There is a place in Birmingham that needs to be brought attention to and it‘s for all the right reasons. It is an arts organisation which goes by the name of Friction Arts and it’s a physical as well as a conceptual space where contemporary art practice merges with community engagement, successfully. They call their base The Edge, which is a former boiled sweet warehouse, as it is situated between two contrasting neighbourhoods:Digbeth and Highgate. The Edge provides a refuge where community members find a creative outlet, a catharsis for those that need it. They are one of few in the region which offer free-of-charge Arts and Culture clubs for children and rent the facilities at the Edge on flexible terms, funded or unfunded up to negotiation. The place is spearheaded by Sandra Hall and Lee Griffiths, who have been active cultural practitioners since the early 90‘s, starting out in the underground festival scene and are now the leading artists and creative directors of an integral part of Birmingham’s arts and cultural milieu.
Most of their projects spark conversations around current topics that need to be brought attention to and offer a starting place for reconciliation, healing and dialogue. As in the past around islamophobia and gentrification, both of which were site specific to Birmingham. They have not only instigated creative dialogues and interventions around areas of ‘friction’ hyper locally but abroad as well, bringing home what they’ve learnt there and vice versa. The alternative space they‘ve co-created for and from the community is certainly a unique one. Their creative practice and one of a kind approach deserves a closer look.
Responsiveness, simplicity and appropriateness are the adjectives that come to mind when the plethora of their initiatives are thoroughly examined. Whether it be in South Africa, Britain or Norway their honest and transparent dialogue with, as they like to call their co-creators, the ‘unusual suspects’, shines through. Their community-informed decision-making which is grounded by solid philosophical underpinnings and further backed up by their artistic collaborative process creates a safe-space for conversations to be had between divergent people about contested issues which need to be faced in order to be able to make a better shared future for all stakeholders involved, whether it be connected to socio-economic, cultural, ethnic or geographical areas of tension.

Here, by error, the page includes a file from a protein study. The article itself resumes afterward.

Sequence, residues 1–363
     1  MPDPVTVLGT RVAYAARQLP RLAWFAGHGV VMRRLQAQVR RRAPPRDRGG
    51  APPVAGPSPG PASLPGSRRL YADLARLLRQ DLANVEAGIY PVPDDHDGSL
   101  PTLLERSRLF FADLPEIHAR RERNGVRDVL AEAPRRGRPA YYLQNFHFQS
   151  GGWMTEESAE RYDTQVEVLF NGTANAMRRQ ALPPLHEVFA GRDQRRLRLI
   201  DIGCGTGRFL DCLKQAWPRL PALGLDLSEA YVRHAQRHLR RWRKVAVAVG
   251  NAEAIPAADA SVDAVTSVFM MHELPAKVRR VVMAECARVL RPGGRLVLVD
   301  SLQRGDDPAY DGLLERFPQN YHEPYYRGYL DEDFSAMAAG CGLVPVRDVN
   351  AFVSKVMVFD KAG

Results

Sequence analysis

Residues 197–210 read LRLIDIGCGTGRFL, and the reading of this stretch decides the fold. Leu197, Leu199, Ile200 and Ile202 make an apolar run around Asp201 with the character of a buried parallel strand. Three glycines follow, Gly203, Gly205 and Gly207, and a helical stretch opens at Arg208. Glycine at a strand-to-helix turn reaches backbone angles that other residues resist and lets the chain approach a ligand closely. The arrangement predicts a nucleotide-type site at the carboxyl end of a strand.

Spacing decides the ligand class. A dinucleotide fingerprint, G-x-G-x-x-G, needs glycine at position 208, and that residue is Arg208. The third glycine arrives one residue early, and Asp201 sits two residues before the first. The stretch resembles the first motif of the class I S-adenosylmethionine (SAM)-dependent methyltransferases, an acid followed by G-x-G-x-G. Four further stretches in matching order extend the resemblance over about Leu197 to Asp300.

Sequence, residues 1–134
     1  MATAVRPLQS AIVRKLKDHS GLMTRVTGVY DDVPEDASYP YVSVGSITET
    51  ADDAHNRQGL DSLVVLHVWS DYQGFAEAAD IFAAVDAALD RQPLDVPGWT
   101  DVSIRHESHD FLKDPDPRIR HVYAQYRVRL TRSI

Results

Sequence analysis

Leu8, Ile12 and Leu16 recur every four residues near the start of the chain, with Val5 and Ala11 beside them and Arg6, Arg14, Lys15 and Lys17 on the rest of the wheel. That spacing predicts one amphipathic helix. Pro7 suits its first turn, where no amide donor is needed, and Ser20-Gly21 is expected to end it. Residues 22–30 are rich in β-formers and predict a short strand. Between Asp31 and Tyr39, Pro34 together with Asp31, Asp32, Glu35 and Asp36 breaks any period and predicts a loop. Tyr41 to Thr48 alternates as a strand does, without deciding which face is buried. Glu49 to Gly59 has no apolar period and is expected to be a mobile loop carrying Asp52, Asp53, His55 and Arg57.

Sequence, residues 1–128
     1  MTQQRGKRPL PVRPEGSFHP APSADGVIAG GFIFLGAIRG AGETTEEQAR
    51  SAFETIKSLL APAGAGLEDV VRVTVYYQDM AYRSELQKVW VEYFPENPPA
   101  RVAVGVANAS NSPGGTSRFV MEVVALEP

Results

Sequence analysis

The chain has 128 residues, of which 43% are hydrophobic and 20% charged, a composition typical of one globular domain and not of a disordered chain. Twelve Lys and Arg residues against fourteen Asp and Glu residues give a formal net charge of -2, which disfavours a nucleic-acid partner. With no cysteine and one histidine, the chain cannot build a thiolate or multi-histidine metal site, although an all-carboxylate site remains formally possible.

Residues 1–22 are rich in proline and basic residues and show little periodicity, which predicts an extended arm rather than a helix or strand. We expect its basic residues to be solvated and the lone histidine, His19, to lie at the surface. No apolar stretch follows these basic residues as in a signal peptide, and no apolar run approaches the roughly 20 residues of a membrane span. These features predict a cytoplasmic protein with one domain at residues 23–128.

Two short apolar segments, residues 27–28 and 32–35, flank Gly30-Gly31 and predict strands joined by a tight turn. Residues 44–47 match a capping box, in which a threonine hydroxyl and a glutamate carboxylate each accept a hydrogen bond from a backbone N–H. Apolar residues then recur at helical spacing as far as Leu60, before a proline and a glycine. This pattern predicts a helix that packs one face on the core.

The results are never the same as the final outcome is never predetermined and Friction Arts never comes to a project with preconceived ideas on what should be done. The constants in their practice are listening, communication and action, usually in this order, for and from the communities they find themselves in. The final outcomes have varied from multi-room visual art installations to performative interventions. They’ve established themselves as true agents for healing and solidarity in times of increased social scarring and global, national, and regional polarisation.
With on-going tensions around arts and cultural organizations, the need for conversation-starters, change-makers, and bridge-builders, such as Friction Arts, is more important than ever. Agents striving for a more ‘possitopian way of thinking’, as coined by Bridget McKenzie of the Climate Museum, are out there and waiting for individuals to engage with them to spread the message. In other words, be ready to work with what we’ve got (which is essentially each other) to accomplish equity, appreciation, and parity for all. If you believe in their cause and would like to see up and coming Friction Arts projects please go and show your support by following them online:
Þórhildur Tinna Sigurðardóttir
Tinna (b. 1995) is a freelance cultural practitioner and writer from Iceland. She has an Honours bachelor’s degree in art theory and history and is currently pursuing a master’s degree in Arts and Cultural Management at King’s College, London where she resides and works.